Clicker Training 'Stop, drop and roll' fire drill Trick for dogs
How to Fire Drill Train Your Dog
Every year, half a million dogs are affected by a fire, and nearly fifty thousand canine companions die in house fires. Tragically, sometimes the dog who barks and wakes the family becomes afraid to leave the burning house and perishes from smoke asphyxiation. It's important to train your dog how to escape a fire, just like you would any other family member. With some thoughtful training and safety preparation, you can be ready to protect your pooch if a blaze should strike.
Training Your Dog for Fire Emergencies
Socialize your dog to deal with stress.Before you even start specific fire safety training, it will help a lot if you can introduce your dog to a wide variety of people, places, noises, and experiences. The more your pet encounters new and different things, the more likely they’ll be to be able to deal with stressful new situations, like a fire.
- This means that you should make a conscious effort to introduce your dog to a new environment, from a park to a parking lot, every week or so. Keep them on a leash, so that you can control their movement. Reward them with treats and praise every time they remain calm and observant when facing a new situation.
- Be sure to go at your dog’s pace. If your pooch responds badly to particular setting, lavish them with treats and praise until they feel at ease. Keep returning to that setting until they automatically feel at ease with it.
- To ensure they’re prepared to face emergency situations, it’s a good idea to work your way up to environments with a lot of distractions and loud noises, like an outdoor concert, festival, or sporting event, as part of their socialization.
Acclimate them to the sound of your smoke alarm.The blaring of your alarm is likely to be startling to your dog, so it’s a good idea to familiarize them with it in advance. That way, they’re far less likely to panic in the moment.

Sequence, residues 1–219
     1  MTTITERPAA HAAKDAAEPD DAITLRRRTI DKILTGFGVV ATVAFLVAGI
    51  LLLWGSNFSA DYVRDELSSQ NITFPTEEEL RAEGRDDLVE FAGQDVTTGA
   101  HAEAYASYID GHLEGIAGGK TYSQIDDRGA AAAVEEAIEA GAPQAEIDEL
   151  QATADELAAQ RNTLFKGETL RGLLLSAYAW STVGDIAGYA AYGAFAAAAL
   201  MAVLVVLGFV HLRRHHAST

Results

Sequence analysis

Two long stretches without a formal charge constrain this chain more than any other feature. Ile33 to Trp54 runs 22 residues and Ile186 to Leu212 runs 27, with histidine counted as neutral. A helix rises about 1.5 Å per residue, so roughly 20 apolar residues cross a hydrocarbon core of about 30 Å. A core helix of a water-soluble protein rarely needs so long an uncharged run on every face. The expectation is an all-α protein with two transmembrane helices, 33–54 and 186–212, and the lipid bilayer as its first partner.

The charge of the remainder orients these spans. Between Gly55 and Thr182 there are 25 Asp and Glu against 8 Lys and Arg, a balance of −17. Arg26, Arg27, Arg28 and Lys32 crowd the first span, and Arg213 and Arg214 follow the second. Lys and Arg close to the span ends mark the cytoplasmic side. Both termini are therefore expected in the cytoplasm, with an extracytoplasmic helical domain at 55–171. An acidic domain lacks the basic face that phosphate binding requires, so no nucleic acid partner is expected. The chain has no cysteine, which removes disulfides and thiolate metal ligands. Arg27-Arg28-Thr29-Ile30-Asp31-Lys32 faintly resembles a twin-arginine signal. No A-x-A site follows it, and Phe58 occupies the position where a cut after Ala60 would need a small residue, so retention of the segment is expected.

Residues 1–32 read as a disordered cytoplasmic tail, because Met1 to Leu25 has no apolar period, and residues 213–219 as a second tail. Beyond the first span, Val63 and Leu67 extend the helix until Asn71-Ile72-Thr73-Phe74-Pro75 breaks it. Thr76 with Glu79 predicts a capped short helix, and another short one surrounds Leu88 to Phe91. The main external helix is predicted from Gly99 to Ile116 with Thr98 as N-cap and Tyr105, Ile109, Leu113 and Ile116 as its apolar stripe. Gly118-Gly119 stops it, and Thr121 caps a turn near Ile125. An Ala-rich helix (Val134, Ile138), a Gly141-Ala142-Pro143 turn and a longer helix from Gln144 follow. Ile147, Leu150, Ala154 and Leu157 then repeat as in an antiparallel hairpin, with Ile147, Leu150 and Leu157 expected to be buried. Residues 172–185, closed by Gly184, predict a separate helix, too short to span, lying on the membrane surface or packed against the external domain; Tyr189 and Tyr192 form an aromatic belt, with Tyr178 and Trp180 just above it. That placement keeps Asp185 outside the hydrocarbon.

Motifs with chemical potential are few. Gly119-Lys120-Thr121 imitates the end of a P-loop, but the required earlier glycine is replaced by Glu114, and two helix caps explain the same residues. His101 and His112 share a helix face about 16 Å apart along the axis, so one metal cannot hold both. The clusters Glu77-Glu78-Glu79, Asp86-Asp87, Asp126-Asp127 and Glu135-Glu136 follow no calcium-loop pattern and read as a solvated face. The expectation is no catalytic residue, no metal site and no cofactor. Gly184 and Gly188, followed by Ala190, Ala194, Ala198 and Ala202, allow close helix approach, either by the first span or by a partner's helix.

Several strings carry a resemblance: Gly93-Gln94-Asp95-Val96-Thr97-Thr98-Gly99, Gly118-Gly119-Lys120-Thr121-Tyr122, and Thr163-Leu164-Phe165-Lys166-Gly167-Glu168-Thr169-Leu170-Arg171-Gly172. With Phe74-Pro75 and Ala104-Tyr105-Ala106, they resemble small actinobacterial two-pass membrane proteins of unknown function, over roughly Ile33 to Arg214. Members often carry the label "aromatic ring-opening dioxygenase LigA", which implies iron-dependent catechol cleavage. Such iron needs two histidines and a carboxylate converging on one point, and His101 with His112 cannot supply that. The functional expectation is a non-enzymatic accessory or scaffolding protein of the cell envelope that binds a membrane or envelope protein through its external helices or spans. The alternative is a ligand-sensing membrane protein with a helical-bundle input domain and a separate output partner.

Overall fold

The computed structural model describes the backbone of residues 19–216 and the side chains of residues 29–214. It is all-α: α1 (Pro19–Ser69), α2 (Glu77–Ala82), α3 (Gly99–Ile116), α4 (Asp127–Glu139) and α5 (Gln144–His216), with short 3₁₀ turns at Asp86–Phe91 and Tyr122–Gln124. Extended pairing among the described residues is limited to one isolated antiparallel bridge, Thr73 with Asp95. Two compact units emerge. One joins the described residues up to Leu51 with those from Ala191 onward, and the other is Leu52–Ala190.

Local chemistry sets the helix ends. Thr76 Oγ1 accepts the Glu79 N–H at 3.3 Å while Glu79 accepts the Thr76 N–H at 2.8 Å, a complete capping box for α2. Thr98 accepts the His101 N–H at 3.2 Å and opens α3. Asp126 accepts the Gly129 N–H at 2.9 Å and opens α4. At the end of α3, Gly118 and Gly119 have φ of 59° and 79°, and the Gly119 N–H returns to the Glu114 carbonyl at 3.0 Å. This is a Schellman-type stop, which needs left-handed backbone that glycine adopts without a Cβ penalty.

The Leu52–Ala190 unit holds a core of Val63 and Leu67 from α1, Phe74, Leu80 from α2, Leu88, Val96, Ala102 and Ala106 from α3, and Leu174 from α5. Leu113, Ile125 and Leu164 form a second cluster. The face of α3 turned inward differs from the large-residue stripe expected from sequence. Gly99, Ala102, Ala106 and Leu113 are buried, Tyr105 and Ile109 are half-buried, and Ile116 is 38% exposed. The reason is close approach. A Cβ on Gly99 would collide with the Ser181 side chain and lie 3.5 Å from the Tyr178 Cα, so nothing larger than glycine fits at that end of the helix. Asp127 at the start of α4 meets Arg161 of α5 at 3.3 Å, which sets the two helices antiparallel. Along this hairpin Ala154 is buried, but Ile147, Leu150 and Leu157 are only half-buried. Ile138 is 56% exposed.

- Put your dog on a leash, and then press your smoke alarm to make it go off.
- Give your dog treats while they listen to the sound. If they panic, cower, and/or bark, hold them firmly on the leash and speak to them in a happy, reassuring voice until they calm down enough to give them treats.
- Turn the alarm on and off a few times, increasing the duration each time. Keep standing with your dog and giving them treats every time it sounds until they’re at ease with the noise.
- For maximum benefit, practice this exercise a couple times a week for a few weeks before moving on to the next step.
Practice calling them to an exit.Next, have someone else press the smoke alarm while you stand at an exterior door. Once the alarm goes off, start calling your dog. Keep calling until they come to you.
- Use whatever phrase you normally use for recall, such as your dog’s name or “Here, girl!”
- This is also good training for you because it will indicate how loudly you need to call to be heard over the alarm.
- Be sure to use a happy voice. Keep in mind that you should also strive to use a calm, happy voice to call your dog when in an actual crisis situation.
Reward them when they come.As soon as they arrive where you are, give your dog praise and a big treat. It should be a treat they really love, like some lunchmeat or a bone or several smaller treats, to impress on them the value of coming to you when they hear the smoke alarm.
Put them on a leash and lead them outside.Keep an extra leash by all exterior exits for easy access in case of an emergency. Dogs can easily panic and run away once they’re outside, so it’s best to have them under control as you leave your house.
- Once you’re outside and away from the house, reward them with more treats.
Repeat this exercise for all potential fire exits.You want your dog to learn to listen for your voice and identify which door you’re waiting at when they hear the smoke alarm go off. Once they get the hang of meeting you at one exit, move on to another exterior door.
- The treats you give them when they find you should offer a strong motivation to get the right door.
Repeat the drill often.Your dog’s fire training will only take a firm hold if you repeat it at regular intervals. Try doing a family fire drill once a month with your dog, so that you can be confident everyone is prepared for any potential blazes.